For novel ideas about building embedded systems (both hardware and firmware), join the 28,000+ engineers who subscribe to The Embedded Muse, a free biweekly newsletter. The Muse has no hype and no vendor PR. Click here to subscribe.
By Jack Ganssle
You can practically read the model number of the phone she's yakking on because her SUV is mere inches from your rear bumper as you both careen down the rain-slicked highway at 55 MPH.
Resisting the temptation to wave a single-digit greeting you sigh in temporary relief as she swerves, without signaling, across three lanes of traffic in a desperate effort to shave five seconds off her morning commute. Instantly, though, another tailgater moves into position, seemingly trying to get you to drive faster despite the mass of drivers only a half-dozen car lengths ahead. In a line in a movie theater this sort of shoving would be socially unacceptable. For some reason it's expected on the roads.
What are these people thinking? Are they really the morons their actions suggest? If so, then some huge percentage of the adult population should be committed to an institution for the criminally insane.
I always figure that most folks are a decent sort, so chalk this aggressive behavior up to their unnoticed acquisition of bad habits. New drivers progress from fear to overconfidence, back to fear after witnessing horrific accidents or their aftermath, to an easy comfort behind the wheel largely untroubled by the potential consequences of this very serious endeavor. Those death-like two-handed grips on the wheel in drivers' ed give way to steering with one's knees while shaving and drinking coffee, issuing an occasional expletive at some other driver's even worse antics.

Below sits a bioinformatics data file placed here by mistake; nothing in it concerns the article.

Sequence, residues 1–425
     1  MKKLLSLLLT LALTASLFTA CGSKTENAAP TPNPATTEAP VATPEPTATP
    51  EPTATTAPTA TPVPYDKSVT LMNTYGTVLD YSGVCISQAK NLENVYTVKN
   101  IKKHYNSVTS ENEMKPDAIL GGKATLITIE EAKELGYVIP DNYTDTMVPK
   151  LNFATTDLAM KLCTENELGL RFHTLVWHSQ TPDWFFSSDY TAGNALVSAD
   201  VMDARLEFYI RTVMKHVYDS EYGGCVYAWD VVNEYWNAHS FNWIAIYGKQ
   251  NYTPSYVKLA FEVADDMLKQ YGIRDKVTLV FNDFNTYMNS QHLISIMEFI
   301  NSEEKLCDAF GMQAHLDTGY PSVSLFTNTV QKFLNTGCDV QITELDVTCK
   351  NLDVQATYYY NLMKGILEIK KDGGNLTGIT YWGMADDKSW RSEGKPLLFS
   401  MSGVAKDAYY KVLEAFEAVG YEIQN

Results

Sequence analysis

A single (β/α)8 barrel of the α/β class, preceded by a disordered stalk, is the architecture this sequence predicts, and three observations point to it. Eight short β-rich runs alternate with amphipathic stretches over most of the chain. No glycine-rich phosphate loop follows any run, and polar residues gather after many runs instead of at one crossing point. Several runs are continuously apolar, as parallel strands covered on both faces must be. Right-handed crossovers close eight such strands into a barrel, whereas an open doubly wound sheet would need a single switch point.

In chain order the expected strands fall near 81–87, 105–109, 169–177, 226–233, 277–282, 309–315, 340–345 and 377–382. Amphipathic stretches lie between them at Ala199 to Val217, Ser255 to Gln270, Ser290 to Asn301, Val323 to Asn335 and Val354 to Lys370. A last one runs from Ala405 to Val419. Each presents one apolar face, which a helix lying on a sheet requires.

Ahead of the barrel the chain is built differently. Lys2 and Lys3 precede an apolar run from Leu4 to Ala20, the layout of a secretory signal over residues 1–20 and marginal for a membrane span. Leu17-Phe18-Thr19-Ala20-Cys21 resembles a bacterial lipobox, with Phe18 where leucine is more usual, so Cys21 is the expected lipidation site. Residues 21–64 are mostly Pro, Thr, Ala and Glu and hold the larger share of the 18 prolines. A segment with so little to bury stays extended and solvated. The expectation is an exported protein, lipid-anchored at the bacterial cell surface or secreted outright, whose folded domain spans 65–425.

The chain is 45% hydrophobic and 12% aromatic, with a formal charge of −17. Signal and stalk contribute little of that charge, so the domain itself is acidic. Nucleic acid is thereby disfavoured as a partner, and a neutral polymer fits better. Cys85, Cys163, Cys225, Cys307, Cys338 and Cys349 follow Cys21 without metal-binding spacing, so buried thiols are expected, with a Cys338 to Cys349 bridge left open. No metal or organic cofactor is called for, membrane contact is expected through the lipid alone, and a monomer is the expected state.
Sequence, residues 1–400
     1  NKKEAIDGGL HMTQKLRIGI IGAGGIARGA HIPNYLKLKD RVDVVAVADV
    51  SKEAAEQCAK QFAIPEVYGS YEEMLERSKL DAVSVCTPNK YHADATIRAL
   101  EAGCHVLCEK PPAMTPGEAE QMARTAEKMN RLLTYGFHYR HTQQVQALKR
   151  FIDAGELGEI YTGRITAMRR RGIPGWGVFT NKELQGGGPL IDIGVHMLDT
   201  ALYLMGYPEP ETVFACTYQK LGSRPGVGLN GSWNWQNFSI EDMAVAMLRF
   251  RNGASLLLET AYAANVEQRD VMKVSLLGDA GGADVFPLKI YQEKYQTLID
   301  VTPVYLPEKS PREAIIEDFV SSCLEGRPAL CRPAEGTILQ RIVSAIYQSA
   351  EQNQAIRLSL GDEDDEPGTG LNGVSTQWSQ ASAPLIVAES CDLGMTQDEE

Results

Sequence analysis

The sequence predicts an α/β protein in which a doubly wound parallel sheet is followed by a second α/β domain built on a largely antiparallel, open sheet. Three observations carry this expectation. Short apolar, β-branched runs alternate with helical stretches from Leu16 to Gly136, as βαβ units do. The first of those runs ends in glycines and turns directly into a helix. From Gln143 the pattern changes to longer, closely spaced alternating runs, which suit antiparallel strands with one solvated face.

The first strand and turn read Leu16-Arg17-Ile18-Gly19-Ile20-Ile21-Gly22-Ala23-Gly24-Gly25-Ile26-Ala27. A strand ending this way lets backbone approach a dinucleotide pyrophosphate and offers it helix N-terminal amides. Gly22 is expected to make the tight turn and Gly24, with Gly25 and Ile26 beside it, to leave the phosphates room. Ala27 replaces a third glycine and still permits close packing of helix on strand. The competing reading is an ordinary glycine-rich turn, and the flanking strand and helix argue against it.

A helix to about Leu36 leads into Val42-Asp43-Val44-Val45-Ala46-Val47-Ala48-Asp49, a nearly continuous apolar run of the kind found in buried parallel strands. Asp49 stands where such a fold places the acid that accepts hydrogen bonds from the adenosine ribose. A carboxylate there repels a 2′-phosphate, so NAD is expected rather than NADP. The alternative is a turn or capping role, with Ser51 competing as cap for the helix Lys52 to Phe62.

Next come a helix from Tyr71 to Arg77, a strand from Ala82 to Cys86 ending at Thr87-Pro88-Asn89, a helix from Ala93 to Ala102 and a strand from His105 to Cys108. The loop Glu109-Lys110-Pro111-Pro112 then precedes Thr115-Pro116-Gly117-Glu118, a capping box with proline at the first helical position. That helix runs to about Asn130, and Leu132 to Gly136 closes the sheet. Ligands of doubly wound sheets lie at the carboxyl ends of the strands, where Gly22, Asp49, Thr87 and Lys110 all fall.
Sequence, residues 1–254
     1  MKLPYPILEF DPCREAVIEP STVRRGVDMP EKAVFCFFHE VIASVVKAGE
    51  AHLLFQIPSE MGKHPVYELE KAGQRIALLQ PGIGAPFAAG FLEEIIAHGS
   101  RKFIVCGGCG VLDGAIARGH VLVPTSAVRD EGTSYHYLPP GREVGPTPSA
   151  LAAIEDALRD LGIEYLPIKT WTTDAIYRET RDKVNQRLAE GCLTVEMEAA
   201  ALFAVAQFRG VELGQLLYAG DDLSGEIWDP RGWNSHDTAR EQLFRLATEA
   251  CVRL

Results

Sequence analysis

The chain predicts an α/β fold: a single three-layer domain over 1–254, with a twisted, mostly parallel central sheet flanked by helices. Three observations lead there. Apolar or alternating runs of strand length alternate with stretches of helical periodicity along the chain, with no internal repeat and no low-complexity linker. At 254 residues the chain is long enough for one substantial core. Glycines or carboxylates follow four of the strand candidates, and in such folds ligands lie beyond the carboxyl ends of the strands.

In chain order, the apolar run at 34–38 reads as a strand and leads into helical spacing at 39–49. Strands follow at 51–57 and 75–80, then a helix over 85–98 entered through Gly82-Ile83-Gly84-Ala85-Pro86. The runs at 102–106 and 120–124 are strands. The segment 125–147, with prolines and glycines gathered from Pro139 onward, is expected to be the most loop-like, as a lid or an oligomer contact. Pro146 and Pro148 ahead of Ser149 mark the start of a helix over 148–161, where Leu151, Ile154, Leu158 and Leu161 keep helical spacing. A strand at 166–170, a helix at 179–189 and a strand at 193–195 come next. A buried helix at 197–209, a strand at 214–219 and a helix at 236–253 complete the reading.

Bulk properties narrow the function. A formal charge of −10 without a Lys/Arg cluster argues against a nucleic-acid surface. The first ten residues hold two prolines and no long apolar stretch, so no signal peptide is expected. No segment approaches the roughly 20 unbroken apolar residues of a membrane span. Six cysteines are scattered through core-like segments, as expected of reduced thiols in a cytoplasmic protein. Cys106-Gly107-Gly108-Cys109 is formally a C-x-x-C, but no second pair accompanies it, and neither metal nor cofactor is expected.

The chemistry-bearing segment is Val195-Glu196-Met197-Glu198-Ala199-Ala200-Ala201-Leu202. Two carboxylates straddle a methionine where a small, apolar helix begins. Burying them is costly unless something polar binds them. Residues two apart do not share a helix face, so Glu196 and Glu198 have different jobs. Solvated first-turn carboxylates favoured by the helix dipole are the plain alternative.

I've been alone in a life raft in the mid-Atlantic, and just this past summer was in a bad gale 300 miles offshore that destroyed a lot of gear on our boat, but still think driving is the most dangerous thing I do. One of the scariest moments for a parent is when the teenager first takes off alone in the family car with his or her shiny new driver's license. The kid will, with practically no experience, be fractions of a second from tragedy in the casual carnage we accept on the roads. They, too, may drift into similar sorts of bad behavior as they become more comfortable behind the wheel.
Bad habits accumulate, which is why I've tried to instruct my teenagers to think once in a while about their driving. To reflect, to examine and to question their habits. "Do I tailgate? What's the upside? Has my speed been drifting up? Do I roll through stop signs?" Without that sort of self-reflection it's impossible to detect - and take appropriate action to correct - accumulated behavior that makes a mockery of the very serious responsibility of driving.
Of course "think" and "teenager" are two words that rarely go together. But that's a different issue.
Such reflection should be a part of all aspects of our lives. "Am I being good to my spouse?" "Am I happy with the way I get angry at the kids?"
In engineering, too, we drift into bad habits. Sloppy documentation, poorly-written comments, and coding shortcuts that, hopefully, usually, probably not soon, may create trouble down the road, are all unacceptable behaviors that don't illuminate any red lights. There's no cop waiting behind a billboard to tag us for writing that awfully-convoluted function. One reason for code inspections is to provide these audits, but there's nothing that substitutes for a bit of self-examination from time to time to root out these habits. and then take corrective action.
Self improvement begins with identifying that which one wishes to improve.